OS/2 eZine - http://www.os2ezine.com
May 16, 2003
Isaac Leung got a degree in Engineering Physics and then Electrical Engineering after which he promptly got a job as a product engineer at a company which makes high speed datacom chips. He is old enough to have cut his computer teeth on Commodore 64's and first played with OS/2 1.3 EE while at a summer job with IBM. The first PC he ever owned came with Windows 95, but he soon slapped on OS/2 Warp 3 and has been Warping ever since. In his spare time, he plots to take over the world.

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Preview: QueenCy

What is this strangely named application? QueenCy is a bitmap paint program, good for image manipulation or creating paintings from scratch. It falls in a similar category to Embellish, Colorworks, SX Paint (whatever happened to that?) or GIMP. But it has a few things going for it the others don't. For starters, all but GIMP are now defunct. GIMP, for now, requires you to install an X-server (although an Everblue port is functional right now which will get around that.) However, QueenCy has one leg up on GIMP because it is able to support pressure sensitivity from Wacom pen tablets. If you've ever used this feature and you need to create "art", this is something you just can't live without.

Thanks to the author of QueenCy (Masami,) he has gifted OS/2 with some pressure sensitive drivers for Wacom Tablets. By the way, although Embellish is defunct, it is still legally and freely available, and it does support pressure sensitive tools, so it may also work with these new drivers.

Since QueenCy has not reached that magic 1.0 gold release yet, so this will just be a quick look at it, not a full out review.

Installation & Requirements

You need to have Warp 4. QueenCy may work on Warp 3, but the author states that he has not tested it, so you're on your own. Hardware wise, it is not demanding on your computer at all. You can, of course, use a pen tablet, but the mouse will function too (although without the pressure sensitive features.) The README also mentions that it supports TWAIN scanners, so you might want to pick up one of those too. I haven't tested with it yet, so I don't know how far along the support is. If you want TWAIN support, I assume you'll need some TWAIN drivers as well, which are not included.

Both QueenCy and the Wacom pressure sensitive tablet drivers are free, (i.e. $0.00,) downloadable from the author's web site.

You can download the file, which is about 1.5MB .ZIP file. Just extract it to a directory of your choosing. If you want, you can run the INSTALL.CMD script which just creates an icon on your desktop and, optionally, associate JPEG and BMP files with QueenCy.

First Impressions

Nothing too weird about QueenCy when you fire it up. It opens all images in its own application window. Strangely enough, it has a floating toolbar for all the tools, but a fixed toolbar on the right for some other functions. I would've thought it would be easier (and more consistent,) just to make all of them floating toolbars.

It generally seems to work okay. Obviously not all the bugs have been ironed out yet, but not too bad. Most of the tools are pretty intuitive to work with. I still haven't quite figured out how the text tool works yet (or maybe it's still a feature in progress,) but the usual paint and shape tools work fine.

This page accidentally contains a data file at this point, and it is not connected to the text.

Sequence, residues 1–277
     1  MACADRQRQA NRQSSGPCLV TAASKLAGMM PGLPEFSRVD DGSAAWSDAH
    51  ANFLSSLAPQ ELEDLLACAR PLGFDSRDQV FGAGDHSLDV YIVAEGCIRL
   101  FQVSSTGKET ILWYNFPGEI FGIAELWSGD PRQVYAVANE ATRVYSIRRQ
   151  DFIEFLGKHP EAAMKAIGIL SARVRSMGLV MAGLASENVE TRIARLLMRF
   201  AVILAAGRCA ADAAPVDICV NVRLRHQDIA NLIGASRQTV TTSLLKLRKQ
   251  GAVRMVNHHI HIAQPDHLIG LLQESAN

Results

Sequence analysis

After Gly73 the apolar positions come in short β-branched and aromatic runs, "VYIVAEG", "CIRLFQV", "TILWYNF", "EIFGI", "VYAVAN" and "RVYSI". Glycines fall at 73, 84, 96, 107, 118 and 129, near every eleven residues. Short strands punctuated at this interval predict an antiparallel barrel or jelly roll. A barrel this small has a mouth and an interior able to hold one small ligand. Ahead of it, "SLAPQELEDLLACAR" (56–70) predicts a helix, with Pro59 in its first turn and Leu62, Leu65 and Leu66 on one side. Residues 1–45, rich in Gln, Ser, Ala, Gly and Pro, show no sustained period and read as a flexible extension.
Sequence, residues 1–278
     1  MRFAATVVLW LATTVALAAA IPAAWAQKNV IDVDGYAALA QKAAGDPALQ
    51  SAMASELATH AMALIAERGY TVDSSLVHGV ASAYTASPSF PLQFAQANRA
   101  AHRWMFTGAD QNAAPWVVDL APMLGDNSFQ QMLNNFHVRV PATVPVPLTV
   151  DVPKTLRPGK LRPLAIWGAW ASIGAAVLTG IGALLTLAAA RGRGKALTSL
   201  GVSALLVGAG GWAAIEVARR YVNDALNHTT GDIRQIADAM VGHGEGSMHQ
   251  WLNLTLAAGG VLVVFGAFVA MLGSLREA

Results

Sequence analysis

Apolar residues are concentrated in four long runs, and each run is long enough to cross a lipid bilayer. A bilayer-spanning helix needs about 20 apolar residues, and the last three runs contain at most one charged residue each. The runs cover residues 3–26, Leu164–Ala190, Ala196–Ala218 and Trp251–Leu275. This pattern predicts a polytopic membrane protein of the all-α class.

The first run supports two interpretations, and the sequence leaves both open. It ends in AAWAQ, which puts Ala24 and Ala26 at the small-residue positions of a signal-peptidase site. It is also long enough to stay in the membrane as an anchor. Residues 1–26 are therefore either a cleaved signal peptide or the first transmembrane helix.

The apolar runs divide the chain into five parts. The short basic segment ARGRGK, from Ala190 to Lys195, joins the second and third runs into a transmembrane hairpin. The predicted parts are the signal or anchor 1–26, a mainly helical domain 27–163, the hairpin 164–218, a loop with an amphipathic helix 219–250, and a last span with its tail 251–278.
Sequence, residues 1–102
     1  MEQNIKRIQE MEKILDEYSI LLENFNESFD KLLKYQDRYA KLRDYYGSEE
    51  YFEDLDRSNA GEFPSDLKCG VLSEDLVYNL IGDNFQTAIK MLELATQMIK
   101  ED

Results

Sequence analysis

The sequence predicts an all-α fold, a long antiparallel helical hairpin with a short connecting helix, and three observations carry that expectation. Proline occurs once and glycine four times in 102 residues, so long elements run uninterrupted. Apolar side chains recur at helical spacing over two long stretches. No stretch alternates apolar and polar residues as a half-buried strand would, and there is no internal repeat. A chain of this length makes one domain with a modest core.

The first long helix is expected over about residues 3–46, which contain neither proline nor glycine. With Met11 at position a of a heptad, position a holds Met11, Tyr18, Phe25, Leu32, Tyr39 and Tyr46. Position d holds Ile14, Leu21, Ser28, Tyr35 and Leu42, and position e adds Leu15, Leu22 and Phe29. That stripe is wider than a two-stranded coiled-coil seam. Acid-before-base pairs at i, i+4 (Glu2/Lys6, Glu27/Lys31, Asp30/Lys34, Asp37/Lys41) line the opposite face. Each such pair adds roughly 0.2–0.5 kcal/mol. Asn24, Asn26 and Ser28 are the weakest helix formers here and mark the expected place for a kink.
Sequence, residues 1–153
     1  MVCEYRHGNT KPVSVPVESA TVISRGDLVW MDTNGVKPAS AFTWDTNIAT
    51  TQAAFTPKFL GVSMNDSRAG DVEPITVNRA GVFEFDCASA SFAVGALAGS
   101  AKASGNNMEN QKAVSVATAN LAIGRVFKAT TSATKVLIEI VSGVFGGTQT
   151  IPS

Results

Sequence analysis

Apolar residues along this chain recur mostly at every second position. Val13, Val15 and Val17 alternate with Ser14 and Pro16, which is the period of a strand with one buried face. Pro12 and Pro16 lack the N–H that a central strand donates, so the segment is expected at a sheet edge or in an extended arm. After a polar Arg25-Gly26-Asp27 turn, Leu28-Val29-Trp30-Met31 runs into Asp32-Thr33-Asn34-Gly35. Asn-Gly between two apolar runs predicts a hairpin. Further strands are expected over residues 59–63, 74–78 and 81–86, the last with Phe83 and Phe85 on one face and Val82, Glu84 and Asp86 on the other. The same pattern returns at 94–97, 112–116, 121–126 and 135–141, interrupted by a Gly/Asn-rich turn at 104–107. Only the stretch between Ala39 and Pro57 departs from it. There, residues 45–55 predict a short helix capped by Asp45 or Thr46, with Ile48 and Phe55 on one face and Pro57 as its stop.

QueenCy Sample

Above is a sample of something I whipped up in a few minutes. Some of the more interesting features I discovered was the ability to mask out not only rectangles and freehand portions, but you can mask out regions of similar colour. Masked out regions can then be deformed independently of the base image, thus producing some very neat results.

As always, tools are just tools and it's up to you to make it art. No software I know of automatically generates art for you just yet!


Like many other applications in this area, QueenCy supports plugins. There aren't really any to speak of at the moment, but wait till QueenCy is done.

If you're feeling energetic, the plugin API is completely documented on-line. Go ahead and start creating!


As you can expect with a product this early in the development cycle, there are still problems to be ironed out. Therefore, I won't pick on it too much.

One thing I noticed was very slow loading when dealing with large pictures, e.g. 1280x1024x24bpp. (It hasn't crashed, just very slow.) There may also be a memory leak with very large JPEG's. Probably the codecs for handling BMP and JPEG need some fixing. It's something you should probably be aware of. Don't run anything critical while testing QueenCy. Aside from that, there are unimplemented features and some cosmetic bugs. For example, the right toolbar doesn't always behave nicely during resizing and also can't open up all the toolbars at once, even if there's room. It needs more than enough room, or else it will auto-close some of the toolbar menus. (It's not critical, you just open it up again, selecting the one you need.)

The last thing (but not least important!) that I would like to see is inclusion of a decent manual. There isn't much in the way of a help system right now (fortunately it is intuitive to use,) if English is your language. If you read Japanese, there is a brief on-line manual available at the author's web site.


Although it is only version 0.13 at the moment, it is progressing quite nicely and it is already useable. It's not exactly ready for prime time yet, but if you've ever wanted to provide feedback on a product in development, here's a chance for you. Give it a shot and let the author know what you like or don't like about QueenCy. It may help shape QueenCy into the program you want it to be.

Related Links

Masami's Homepage
Download QueenCy
Download Wacom Intuos Driver
QueenCy Plugin API

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